Saint-Narcisse (2020) | Bruce LaBruce’s transgressive love letter to 1970s psychosexual thrillers
Since making his debut with 1991’s No Skin Off My Ass, Toronto filmmaker Bruce LaBruce has challenged audiences with his startling, sexually explicit films whose subject matter has included amputee sex, hardcore porn, gang-rape, castration and racially-motivated violence. Following 2013’s Gerontophilia, however, LaBruce changed direction, eschewing the extreme for a more meditative approach to his ongoing fascination with sexual taboos.
With Saint-Narcisse, he has crafted his most accomplished piece of transgressive cinema to date. Nominated for the Queer Lion award at Venice Film Festival, this anarchic love letter to 1970s psychosexual thrillers looks certain to mark a turning point for queer cinema’s former enfant terrible. But never fear; he still has a few shocks in store – this time, its twincest.
Félix-Antoine Duval stars as 22-year-old Dominic, a sexually-adventurous young man in love with his reflection but doesn’t really know himself fully. Finding some unopened letters in his grandmothers’ closet, he discovers a family secret: his mother Beatrice (Tania Kontoyanni) didn’t die in childbirth. Determined to uncover the truth, Dominic heads to the parish town of Saint-Narcisse, north of Montreal, where he is shocked to find a tombstone inscribed with his name and date of death in a local graveyard.
Finally tracking down his mother (who the locals have labelled a witch), he discovers she’s a lesbian who was excommunicated by the church and was led to believe Dominic was stillborn. Now she lives in exile in a cabin in the woods with Irene (Alexandra Petrachuk), her late lover’s daughter. But Dominic also learns he has a twin. Sequestered in a remote monastery since birth, Daniel is being raised and groomed by a priest, Father Andrew (Andreas Apergis), who believes he is the reincarnation of Saint Sebastian.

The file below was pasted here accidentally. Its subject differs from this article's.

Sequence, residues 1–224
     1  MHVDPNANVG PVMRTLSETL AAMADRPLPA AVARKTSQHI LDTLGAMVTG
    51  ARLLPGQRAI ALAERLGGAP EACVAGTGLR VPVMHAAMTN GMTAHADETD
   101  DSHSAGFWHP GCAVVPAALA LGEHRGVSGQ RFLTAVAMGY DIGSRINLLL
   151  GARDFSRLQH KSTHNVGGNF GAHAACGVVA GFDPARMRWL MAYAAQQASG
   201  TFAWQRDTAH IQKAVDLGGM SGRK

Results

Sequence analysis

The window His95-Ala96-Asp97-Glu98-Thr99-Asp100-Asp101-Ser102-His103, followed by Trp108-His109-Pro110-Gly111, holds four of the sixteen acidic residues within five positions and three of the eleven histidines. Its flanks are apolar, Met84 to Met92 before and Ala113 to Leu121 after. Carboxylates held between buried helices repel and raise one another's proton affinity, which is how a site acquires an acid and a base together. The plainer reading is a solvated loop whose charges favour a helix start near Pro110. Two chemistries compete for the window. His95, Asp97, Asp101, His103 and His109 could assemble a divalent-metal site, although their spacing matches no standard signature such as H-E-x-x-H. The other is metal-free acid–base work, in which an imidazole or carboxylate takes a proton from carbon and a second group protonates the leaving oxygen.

Whether dressed in leathers and sporting stubble or naked and shaved, Duval has the look of the divine about him, and his sex scenes (with himself) are both erotic and very tender indeed. It takes a good hour before the twins meet, but LaBruce uses that time to develop the narrative and his characters fully. Setting the film in 1972 also allows him to explore critical issues, such as children being taken away from their mothers (who happen to be lesbian or even just unmarried) and priests preying on the young men in their care.
I won’t reveal what happens, but LaBruce comes up trumps with a scene involving a St Andrew’s Cross, communion wafers, a wedding dress and some Caravaggio-inspired lighting that will stay with you long after the ending.
Kudos go to Andreas Apergis (who appeared in X-Men: Days of Future Past and the US version of Being Human) as the film’s villain, the depraved Father Andrew. If his scary eyes don’t creep you out, his toe licking of the equally scary-eyed Saint Sebastian statue will. Oh, and that scene with the (very fit) monks skinny-dipping is gloriously gratuitous.
Saint-Narcisse will be released theatrically in the UK on 22 April
with a DVD and digital release from Peccadillo Pictures on 2 May 2022